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Psychology Doctoral Dissertation Defense: Brittany Boyd

This is a past event.

Friday, June 10, 2022 at 12:00pm to 2:00pm

DM - Deuxieme Maison, 258
11200 SW 8th ST, Deuxieme Maison, Miami, Florida 33199

Perceptions And Risk: The Role of Education, Body Image, Partner Availability, And Condom Negotiation on Educated Black Women’s Sexual Risk-Taking Behaviors

Rates of sexually transmitted infections (STIs) are at an “all-time high” (Centers for Disease Control and Prevention (CDC), 2021; Kreisel et al., 2021; Merman, 2021), and disproportionately impact women of color. Understanding the factors that coalesce to create elevated risk for Black women is critical for more effective prevention/intervention to reduce risks and negative health outcomes. This study extended previous research by examining the Theory of Planned Behavior (TPB) and the mediating/moderating influence of psychosocial factors (i.e., self-perceptions, perceived partner availability, and self-efficacy for condom negotiation) on sexual-risk decision making (i.e., condom use) in Black women during emerging adulthood. The TPB model demonstrated a good fit within the whole sample and the sample of highly educated Black women, with attitudes, social norms, and perceived behavioral control predicting condom intentions and intentions predicting condom use. Perceived partner availability significantly differed among the groups but was not a mediator or moderator in the TPB model. The findings from this study help identify patterns that may differentially impact self-protective behaviors in sexual encounters to promote prevention/intervention to reduce high rates of STIs in minority women.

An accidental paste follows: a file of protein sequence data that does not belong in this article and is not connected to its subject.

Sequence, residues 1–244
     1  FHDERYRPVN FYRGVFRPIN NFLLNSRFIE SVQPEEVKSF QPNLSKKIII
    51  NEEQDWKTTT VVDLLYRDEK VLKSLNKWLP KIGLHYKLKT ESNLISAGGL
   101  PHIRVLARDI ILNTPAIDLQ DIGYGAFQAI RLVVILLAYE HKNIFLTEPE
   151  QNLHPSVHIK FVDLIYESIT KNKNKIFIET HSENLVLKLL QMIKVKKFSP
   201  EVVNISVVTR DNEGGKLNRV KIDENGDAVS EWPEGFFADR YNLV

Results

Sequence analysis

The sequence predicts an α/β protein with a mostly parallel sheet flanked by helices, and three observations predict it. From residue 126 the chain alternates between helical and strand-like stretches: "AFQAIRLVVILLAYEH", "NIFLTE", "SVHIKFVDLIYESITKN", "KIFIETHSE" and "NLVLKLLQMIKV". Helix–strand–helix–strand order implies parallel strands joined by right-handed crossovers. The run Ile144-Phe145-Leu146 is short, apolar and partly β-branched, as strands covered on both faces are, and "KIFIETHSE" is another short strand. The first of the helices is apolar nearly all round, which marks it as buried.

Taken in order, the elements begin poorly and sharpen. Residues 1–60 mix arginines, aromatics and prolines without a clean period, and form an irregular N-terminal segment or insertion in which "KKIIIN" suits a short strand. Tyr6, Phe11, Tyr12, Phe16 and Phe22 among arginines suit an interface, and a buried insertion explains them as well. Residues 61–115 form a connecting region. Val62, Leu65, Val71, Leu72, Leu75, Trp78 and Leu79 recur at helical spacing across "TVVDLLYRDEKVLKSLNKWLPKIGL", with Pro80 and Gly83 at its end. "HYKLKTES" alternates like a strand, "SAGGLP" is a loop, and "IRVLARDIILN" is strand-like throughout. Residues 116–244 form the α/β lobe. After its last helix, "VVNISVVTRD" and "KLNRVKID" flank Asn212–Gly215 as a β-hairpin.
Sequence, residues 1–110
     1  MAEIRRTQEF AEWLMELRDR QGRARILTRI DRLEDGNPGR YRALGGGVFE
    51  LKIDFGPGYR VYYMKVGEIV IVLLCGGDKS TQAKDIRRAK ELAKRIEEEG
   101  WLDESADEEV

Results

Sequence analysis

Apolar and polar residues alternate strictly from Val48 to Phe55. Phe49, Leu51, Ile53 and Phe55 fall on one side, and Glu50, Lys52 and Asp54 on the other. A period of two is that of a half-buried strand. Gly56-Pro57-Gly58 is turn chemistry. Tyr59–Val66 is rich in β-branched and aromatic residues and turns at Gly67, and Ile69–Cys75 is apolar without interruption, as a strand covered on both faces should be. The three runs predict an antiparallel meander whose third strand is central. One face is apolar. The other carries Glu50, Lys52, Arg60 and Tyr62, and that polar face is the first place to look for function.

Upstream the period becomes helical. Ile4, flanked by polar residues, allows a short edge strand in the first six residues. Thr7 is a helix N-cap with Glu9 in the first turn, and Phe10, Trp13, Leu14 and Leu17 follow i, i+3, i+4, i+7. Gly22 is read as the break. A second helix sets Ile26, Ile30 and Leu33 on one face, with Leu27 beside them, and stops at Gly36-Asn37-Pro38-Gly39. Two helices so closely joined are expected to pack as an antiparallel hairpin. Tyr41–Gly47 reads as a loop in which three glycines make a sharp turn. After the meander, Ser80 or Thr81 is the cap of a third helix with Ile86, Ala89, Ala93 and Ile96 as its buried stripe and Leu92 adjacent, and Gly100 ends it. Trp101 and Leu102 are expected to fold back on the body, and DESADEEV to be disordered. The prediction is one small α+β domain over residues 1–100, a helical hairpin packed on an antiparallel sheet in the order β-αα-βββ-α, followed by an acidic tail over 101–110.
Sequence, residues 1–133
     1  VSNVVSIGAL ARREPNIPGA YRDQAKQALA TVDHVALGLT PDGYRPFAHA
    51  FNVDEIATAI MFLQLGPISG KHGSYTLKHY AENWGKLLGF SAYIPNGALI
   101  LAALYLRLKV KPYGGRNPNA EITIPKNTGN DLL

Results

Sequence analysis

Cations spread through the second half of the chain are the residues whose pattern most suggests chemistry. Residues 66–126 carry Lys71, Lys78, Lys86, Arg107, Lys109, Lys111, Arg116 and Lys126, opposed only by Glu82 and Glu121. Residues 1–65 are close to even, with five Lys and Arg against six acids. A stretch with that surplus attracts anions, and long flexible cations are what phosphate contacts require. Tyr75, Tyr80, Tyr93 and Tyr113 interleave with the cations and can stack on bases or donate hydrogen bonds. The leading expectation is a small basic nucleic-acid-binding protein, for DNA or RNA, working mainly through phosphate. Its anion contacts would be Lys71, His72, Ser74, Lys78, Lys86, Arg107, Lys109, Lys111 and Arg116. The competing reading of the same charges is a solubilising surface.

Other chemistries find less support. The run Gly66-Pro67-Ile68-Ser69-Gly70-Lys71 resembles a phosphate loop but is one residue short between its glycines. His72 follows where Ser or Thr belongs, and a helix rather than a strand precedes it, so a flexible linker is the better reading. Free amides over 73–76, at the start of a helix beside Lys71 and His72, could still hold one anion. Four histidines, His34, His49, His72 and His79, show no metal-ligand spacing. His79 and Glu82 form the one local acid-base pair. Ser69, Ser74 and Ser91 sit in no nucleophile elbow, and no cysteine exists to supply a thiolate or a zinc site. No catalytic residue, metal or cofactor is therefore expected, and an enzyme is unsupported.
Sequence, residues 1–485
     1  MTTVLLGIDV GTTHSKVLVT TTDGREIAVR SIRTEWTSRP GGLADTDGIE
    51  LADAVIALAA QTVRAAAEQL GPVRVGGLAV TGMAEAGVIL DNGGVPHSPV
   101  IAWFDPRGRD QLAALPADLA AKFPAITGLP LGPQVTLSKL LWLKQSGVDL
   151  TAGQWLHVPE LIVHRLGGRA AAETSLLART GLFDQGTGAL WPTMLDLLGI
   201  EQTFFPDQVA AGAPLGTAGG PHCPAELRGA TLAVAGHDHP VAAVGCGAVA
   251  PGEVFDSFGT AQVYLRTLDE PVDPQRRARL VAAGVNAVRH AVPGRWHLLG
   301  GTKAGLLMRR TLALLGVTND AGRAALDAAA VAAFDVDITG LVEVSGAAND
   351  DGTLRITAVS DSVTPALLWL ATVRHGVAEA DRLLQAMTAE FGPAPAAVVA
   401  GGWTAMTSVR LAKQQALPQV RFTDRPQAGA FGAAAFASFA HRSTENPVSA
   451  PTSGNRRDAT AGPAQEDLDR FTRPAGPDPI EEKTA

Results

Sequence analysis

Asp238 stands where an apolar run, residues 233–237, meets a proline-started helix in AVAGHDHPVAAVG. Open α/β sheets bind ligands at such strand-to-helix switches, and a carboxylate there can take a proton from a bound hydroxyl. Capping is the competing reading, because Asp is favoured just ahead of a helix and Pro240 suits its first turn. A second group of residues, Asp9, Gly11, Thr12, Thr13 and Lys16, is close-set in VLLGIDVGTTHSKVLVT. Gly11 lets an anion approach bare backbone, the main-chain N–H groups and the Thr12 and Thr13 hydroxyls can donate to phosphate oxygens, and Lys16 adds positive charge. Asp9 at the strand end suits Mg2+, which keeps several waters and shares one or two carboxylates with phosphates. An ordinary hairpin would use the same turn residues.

Major Professor: Dr. Leslie Frazier

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Students, Faculty & Staff, General Public


Department of Psychology


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